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Releasing dormice back to the wild
Hazel dormice are now officially rare and vulnerable to extinction. The steady destruction and deterioration of the woodlands and hedgerows they rely on has left dormice isolated and exposed. I have the great privilege of managing the reintroduction of dormice back to the wild where they previously thrived. It’s a programme PTES has been running since 1993 to turn around the dormouse decline.
This year, we’ve boosted the dormouse population in Derbyshire and Cambridgeshire, by releasing 44 dormice into the wild. In Derbyshire, we welcomed dormice to their new home in a large private woodland owned by the National Trust. The site is part of the National Forest, meaning there’s plenty of potential for future release sites in the vicinity. We also released dormice in Cambridgeshire, at the site of our very first reintroduction, to give the population an extra boost there. Right now, the dormice are settling into both their new homes, under the watchful eye of volunteers who are providing extra food and water. We place dormouse boxes throughout both woodlands, giving the dormice safe places to nest. They also allow us to check more easily on how they’re doing, and hopefully see the first litters of dormice born in the wild.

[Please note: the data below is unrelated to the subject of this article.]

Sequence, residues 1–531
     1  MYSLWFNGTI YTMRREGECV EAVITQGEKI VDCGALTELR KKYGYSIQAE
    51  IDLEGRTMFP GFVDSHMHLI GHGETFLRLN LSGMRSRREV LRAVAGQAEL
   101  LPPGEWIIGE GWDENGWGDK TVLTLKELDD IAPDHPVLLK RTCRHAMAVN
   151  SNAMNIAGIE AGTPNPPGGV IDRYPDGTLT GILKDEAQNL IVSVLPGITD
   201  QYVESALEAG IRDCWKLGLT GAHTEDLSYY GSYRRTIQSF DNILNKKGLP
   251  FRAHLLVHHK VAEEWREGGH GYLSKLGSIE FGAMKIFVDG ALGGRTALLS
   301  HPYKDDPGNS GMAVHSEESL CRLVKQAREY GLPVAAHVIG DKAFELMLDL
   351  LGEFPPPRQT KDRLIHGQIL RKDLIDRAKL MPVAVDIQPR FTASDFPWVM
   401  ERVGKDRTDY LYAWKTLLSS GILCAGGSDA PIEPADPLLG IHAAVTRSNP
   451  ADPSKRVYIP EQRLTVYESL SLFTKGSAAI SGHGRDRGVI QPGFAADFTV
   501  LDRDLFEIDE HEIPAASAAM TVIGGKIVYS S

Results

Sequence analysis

Prior to the release, dormice are bred and cared for by the Common Dormouse Captive Breeders Group. Every dormouse is provided with water and fed a special diet, before entering a six-week quarantine period where they’re also health checked before being carefully transported to the woodland selected for their release. There they’re paired with another dormouse before being placed in large wire cages, called soft-release cages, that protect them as they acclimatise to the wild. They’re fed by volunteers, who open the cages ten days later. The whole process takes about three months, a long time, but so worth it, especially once we see new dormice born in the wild. As you can imagine, I’m already doing the early planning for next year’s release, along with the captive breeding group, Paignton Zoo and London Zoo.
Each year we need support for our dormouse reintroductions. It’s sad that dormice, like so many species, are in such trouble and face so much habitat loss. But together we are making a difference and doing what we can to make things better. If you’d like to be a part of this year’s reintroduction and help dormice return to the wild, please do give a gift to dormice today. Thank you.
With best wishes,
Header image credit National Trust Images and James Beck